Charisma tracked down a few veterans in the faith to give young people sage advice about faithfully standing the test of time. Go to mentors.charismamag.com and get advice to avoid your own "wouldas" and "couldas."


Embrace Change

One of the most important lessons for any leader to embrace is that change is constant, and change is our friend. God has ordained a life of change, for our entire lives. David wrote, "Because they do not change, therefore they fear not God" (Ps. 55:19). It is during times of change that we realize our need of God.


Every leader will go through changes, and your happiness in life depends upon your attitude, preparation and acceptance of the changes in your life. When changes have come in my life, I have accepted them, prepared for them and made the next era richer. Then I trusted God more because I had to. And the older you get when change comes, the more you'll have to trust Him because the harder it is to change.


So here are a few quick thoughts on how to make change your friend: 1) don't rush change; 2) prepare for the next change; 3) enjoy the time when you need God more because of change; 4) embrace change as a means of developing your dependence on God; and 5) resist hanging on to the old. It is challenging to live with change but impossible to live without it. Make change your friend and trust God more.

Tommy Barnett, pastor of Phoenix First Assembly of God and chancellor of Southeastern College in Lakeland, Florida

Become More Like Jesus

There are two kinds of spiritual gifts. First, there are the famous ministry gifts Paul lists in 1 Corinthians 12 that are meant to help others. Then, there are the gifts known as the "fruit of the Spirit" in Galatians 5:22 that are meant to help us become like Jesus.


In my experience, most people want to receive the ministry gifts, but it is the fruit of the Spirit that will cause us to become more like Christ. And isn't that the real goal of our lives? People can have spectacular ministry gifts and still be involved in grave sin, as strange as that may seem. Many leaders with extraordinary ministry gifts often seem to display glaring personal weaknesses. Jesus advised us not to seek the ministry gifts unless our personal lives were noted for holiness (see Matt.7: 22-23).


By all means, pray for the ministry gifts that help others, but do not neglect the personal gifts that help you become like Jesus. We desperately need the power of the Spirit to transform us so that we can be like Jesus, especially in truly loving people-even our enemies. Pray for the power of the Spirit to transform you until you become like Jesus. It's the greatest thing that could ever happen.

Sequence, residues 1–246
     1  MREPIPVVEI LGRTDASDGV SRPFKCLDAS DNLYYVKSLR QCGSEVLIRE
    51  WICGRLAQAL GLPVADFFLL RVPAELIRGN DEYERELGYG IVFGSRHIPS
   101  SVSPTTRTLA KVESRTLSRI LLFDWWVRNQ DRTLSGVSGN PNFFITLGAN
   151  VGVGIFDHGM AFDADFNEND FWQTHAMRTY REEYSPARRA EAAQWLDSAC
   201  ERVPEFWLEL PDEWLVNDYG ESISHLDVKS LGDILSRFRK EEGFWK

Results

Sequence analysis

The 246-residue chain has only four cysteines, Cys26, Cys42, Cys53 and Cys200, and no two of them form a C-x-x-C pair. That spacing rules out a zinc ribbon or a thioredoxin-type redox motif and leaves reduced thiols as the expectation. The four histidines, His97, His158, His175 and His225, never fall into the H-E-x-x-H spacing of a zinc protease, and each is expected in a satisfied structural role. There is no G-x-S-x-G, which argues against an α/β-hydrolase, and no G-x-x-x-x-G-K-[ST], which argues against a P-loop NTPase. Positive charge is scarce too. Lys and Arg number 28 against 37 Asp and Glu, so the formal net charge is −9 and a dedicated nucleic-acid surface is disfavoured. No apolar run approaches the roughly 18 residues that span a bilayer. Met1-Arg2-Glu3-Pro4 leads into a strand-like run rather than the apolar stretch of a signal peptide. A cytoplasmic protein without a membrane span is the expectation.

Francis MacNutt is and author and the founder of Christian Healing Ministries in Jacksonville, Florida.

Put Your Hope in God

When times of inner turmoil steal your hope, remember this story: In 1873, the people of South Carolina elected the former slave Robert Smalls to the U.S. House of Representatives. Despite racial prejudice, he compiled a brilliant record and was known as a powerful orator. Later he served as customs collector in Beaufort, South Carolina, until Woodrow Wilson was elected president and fired many blacks, including Smalls.


This wasn't the first time Smalls was forced to humble himself in the face of injustice. He became a hero during the Civil War. While still a slave, he piloted the Confederate ship Planter out of Charleston Harbor and into Union hands while the captain and crewmembers were ashore. With the reward money he received, he purchased the house where he and his mother had been slaves. One day, the wife of his former slave master, Mrs. McKee, returned to the house. She was elderly and confused and thought she still lived there. Instead of turning her away, Smalls moved her into her former bedroom and served her.


Smalls died in 1915 at the age of 76 and was much honored, but he didn't see his greatest reward in his lifetime. In 2001 the Army Reserve commissioned the Maj. Gen. Robert Smalls, the first ship named after an African-American. If Smalls had spent his life looking for his reward, or even for justice to be served, he likely would have been deeply discouraged. As leaders, we must put our hope in the Lord, and remember the words of David: "Why are you cast down, O my soul? And why are you disquieted within me? Hope in God; for I shall yet praise Him, the help of my countenance and my God" (Ps. 42:11).

Wellington Boone, chief overseer of the Fellowship of International Churches based in Norcross, Georgia

 

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